Second, mercy.

Mercy, again must be applied to creatures in one way, and to God in another. Men are moved to mercy when they perceive a need in another like them. We are merciful because we suffer and feel alongside of another person. We enter into their state and we pity them. We are overcome by sympathy or compassion. We help those to whom we relate in their suffering.

It is not so with God. God does not suffer. He cannot undergo or be acted upon. Does that mean he cannot be merciful? Quite to the contrary. God is the one who helps the helpless even though there is no connection between his nature and the helpless person. And because he is free from those kinds of restrictions, he is able to have mercy on anyone and everyone that he wills.

We are moved to sympathy because we see something of ourselves in another person. We don’t feel mercy for rocks being smashed. If God is so different than us, couldn’t he say the same? No, because the less God’s mercy is conditioned upon his participation in our nature, the greater he is able to be merciful to all as he wills. Romans 10:13 assures us of this truth. “For ‘everyone who calls on the name of the Lord will be saved.”

Do not equate mercy in mankind with mercy in God. If you do, God cannot have mercy at all. But God is perfectly merciful. Mercy workers get overwhelmed. They see a lot of suffering and they sometimes have to stop or take breaks. Ministers in the ministry experience this. God is not subject to such weakness. He is like an immune ebola doctor. That’s the God I need, not the doctor who might get sick from me or with me. God’s mercy is a perfection, not a passion or affection. God’s mercy is his helping the helpless. And therefore, God is the most merciful because he helps those that are entirely unlike him, and he helps those that no one else would help.

So, we can sincerely say with Jeremiah in Lamentations 3:21-24, “But this I call to mind, and therefore I have hope: The steadfast love of the LORD never ceases; his mercies never come to an end; they are new every morning; great is your faithfulness. ‘The LORD is my portion,’ says my soul, ‘therefore I will hope in him.’”

Third, anger.

This is probably the best example of the problem of human language. We get angry. Is God perfectly and eternally and infinitely angry? No. So, why do the Scriptures so often refer to God as being angry? Remove the passion from anger. When creatures get angry they cause some punishment or revenge to be poured out on the object of their wrath.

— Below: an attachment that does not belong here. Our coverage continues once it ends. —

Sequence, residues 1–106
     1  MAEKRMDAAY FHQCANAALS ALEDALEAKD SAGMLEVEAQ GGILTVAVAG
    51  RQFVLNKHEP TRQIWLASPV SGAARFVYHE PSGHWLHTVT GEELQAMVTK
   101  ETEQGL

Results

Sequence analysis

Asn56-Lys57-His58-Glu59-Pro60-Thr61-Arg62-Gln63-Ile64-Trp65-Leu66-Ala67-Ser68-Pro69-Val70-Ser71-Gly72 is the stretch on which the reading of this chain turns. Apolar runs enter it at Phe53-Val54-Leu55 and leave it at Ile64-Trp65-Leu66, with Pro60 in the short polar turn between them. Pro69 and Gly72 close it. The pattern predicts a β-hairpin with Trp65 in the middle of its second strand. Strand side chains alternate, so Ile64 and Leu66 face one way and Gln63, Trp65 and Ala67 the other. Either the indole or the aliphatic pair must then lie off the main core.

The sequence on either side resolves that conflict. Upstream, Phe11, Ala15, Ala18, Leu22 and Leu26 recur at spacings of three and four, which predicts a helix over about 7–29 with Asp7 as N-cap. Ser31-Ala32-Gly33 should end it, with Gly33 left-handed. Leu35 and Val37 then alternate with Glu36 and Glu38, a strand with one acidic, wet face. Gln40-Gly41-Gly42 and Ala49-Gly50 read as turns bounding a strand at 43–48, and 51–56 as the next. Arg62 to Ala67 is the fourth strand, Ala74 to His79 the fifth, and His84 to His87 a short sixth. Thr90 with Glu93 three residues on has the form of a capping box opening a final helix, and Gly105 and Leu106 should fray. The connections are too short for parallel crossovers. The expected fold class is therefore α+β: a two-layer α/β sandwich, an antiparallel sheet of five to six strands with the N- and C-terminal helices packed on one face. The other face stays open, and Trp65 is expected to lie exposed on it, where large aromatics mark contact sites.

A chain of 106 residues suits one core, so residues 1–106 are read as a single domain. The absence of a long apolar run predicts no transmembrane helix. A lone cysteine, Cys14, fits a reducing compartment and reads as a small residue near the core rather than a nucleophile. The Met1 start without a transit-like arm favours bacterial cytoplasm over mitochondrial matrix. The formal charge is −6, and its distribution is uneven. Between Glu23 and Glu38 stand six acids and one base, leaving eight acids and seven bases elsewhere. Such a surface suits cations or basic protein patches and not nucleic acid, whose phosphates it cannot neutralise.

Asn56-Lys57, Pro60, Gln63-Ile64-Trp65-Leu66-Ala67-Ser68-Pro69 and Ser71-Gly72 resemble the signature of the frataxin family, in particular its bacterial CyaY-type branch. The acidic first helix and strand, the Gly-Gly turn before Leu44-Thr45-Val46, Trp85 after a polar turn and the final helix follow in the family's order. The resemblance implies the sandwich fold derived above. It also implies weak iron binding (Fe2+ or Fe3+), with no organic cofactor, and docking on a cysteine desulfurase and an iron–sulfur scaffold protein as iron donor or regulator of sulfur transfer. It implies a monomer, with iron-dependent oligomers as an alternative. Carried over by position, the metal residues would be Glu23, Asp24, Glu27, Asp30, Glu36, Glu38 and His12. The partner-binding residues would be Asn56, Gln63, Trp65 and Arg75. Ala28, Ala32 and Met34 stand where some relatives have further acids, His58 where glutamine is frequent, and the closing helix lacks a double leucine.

In men, our anger leads us to all kinds of terrible and wicked revenges. But in God, anger describes God’s perfect and unstoppable justice. God will cause the wicked to be punished. God will pour out judgment and punishment upon the unrighteous. God will punish sin. So, you can’t make God angry. God isn’t eternally burning with anger. Rather we use the term angry to describe God’s immutable justice. And whereas we get angry and can’t do anything about it, God perfectly brings judgment on the objects of his wrath.

It’s very difficult to think about anger without passion. There is righteous anger, but our anger is brought about by something we perceive to be bad, whether we are right or wrong. God is angry in the sense that he will cause justice and vengeance to be poured out on the unrepentant and wicked. His anger is therefore an eternal perfection, not an emotion as it is in us.  God is angry in the sense that he will cause justice and vengeance to be poured out on the unrepentant and wicked. His anger is therefore an eternal perfection, not an emotion as it is in us. Click To Tweet

God’s perfections of love, mercy, and justice being free from all passion, not being emotions, is what theologians refer to as impassibility. Because God is God, I AM THAT I AM, and because he is the eternal Creator, he is unchangeable, always accomplishing his purposes, but never being acted upon. God pours out love, mercy, and justice from the unchanging infinity of his perfect being. And though the Scriptures describe God in creaturely language, and though we experience God’s perfections of love, mercy, and justice in temporal sequences, we cannot conclude from our creaturely perspective that God is emotional. Rather, as the Scriptures have taught us, what we call emotions are unchanging essential perfections in God.

So, we can say with the Psalmist,

“Oh give thanks to the LORD, for he is good; for his steadfast love endures forever! Let Israel say, ‘His steadfast love endures forever.’ Let the house of Aaron say, ‘His steadfast love endures forever.’ Let those who fear the LORD say, ‘His steadfast love endures forever’ (Psalm 118:1-4).

Image credit: Art Gallery ErgsArt – by ErgSap